Tuesday, July 17, 2018

Maritime Adventures at Natal 5: more shipwrecks in Capt Bell's time

Records show that no less than 66 large ships were lost on Back Beach between December 1845 and December 1885 with the loss of thirty lives. One result of the number of wrecks up to 1863 was public anger over the lack of a lighthouse on the Bluff. This was fuelled by the loss of the Sebastian and the Earl of Hardwicke in a gale on 26 September 1863.
Among other shipwrecks during Bell’s tenure as Port Captain were:
Fusilier – British ship wrecked on the Bluff Rocks at the south entrance to the harbour on 25 May 1865 in a north-east wind while on a voyage from Calcutta to Demerara (British Guiana) with Indian workers. Loss of 20 souls.
Annabella – British barque wrecked on what became known as the Annabella Bank at Durban on 21 January 1856, carrying cargo. There was no loss of life, but a public enquiry was demanded. It was this wreck which, perhaps unfairly, led to the dismissal of harbour engineer John Milne.
Ariosto – American barque wrecked on Back Beach on 31 July 1854 while on a voyage from Sumatra to Boston with a cargo of pepper. No loss of life.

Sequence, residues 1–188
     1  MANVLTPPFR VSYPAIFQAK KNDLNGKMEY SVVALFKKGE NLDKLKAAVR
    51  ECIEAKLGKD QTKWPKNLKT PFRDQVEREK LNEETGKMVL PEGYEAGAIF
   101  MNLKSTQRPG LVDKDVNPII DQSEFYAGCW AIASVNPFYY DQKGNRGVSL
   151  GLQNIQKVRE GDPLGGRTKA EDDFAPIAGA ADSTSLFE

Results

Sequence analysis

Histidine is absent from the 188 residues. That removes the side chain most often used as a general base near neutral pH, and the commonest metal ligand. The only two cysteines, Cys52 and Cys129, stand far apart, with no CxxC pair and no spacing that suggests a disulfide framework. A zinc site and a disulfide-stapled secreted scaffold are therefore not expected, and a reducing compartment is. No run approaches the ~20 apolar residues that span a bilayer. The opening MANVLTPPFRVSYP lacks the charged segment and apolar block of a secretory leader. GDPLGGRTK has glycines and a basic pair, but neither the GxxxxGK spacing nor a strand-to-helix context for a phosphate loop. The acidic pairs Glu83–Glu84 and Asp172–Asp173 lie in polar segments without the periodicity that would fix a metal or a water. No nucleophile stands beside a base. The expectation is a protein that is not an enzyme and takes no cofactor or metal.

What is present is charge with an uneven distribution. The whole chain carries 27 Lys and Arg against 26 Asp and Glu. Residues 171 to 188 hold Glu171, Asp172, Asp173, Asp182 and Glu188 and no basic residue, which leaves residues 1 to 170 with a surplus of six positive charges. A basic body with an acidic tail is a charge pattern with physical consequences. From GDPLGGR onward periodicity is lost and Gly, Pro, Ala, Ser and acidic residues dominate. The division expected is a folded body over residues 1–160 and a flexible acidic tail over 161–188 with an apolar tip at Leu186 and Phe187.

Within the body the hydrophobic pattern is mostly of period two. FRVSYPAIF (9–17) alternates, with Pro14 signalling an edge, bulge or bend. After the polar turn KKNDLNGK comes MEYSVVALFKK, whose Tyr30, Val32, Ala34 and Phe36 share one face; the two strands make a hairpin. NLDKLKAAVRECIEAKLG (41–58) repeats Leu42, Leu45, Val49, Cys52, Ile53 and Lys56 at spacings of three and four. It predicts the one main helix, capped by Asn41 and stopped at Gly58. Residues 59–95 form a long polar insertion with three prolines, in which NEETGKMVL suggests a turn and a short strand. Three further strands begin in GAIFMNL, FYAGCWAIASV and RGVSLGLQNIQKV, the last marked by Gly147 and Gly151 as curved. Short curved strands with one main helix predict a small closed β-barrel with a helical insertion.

British Tar – only three months after the Minerva disaster another Byrne ship (282 tons)  wrecked on Back Beach on 29 September 1850 during an east-north-east gale with a general cargo. No loss of life but the settlers lost everything, like those on the Minerva.
Pioneer – wrecked on Back Beach near Annabella Bank on 23 Oct 1862 when her cables parted after a voyage from London with a cargo of timber for the harbour works. No loss of life. [Natal Mercury 24, 28 Oct, 1862]
Queen - British brig wrecked near Vetch’s Pier on 16 August 1863 when her cables parted in a north-east wind after voyage from London. No loss of life. She lies close to the Lord Geo Bentinck (wrecked 1861). [Natal Mercury 18 Aug 1863]

Sebastian - British wooden barque of 364 tons wrecked on Back Beach on 26 Sept 1863 during north-east gale after voyage from London with immigrants and general cargo. No lives lost.

When the American barque Ariosto 361 tons was wrecked on the Back Beach, Durban, on 31 July 1854 while on her way to Boston from Sumatra, carrying a cargo of pepper, a local Byrne settler, William Hartley, saw an opportunity. He knew that pepper did not deteriorate when wet and he dried out the peppercorns then sold them at a satisfactory profit.

The Captain (Balch) had mistakenly kept the ship on course believing their position to be some miles from the Bluff. The sound of breakers alerted the deck watch but it was too late. The vessel struck, bumping over the Bar, and ended up on the beach. The crew of 17 landed in their boat. The ship became a total wreck but no lives were lost. Durban's inhabitants rushed to the scene and William Hartley began to have ideas about the cargo.

Ariosto wreck 1854

No comments: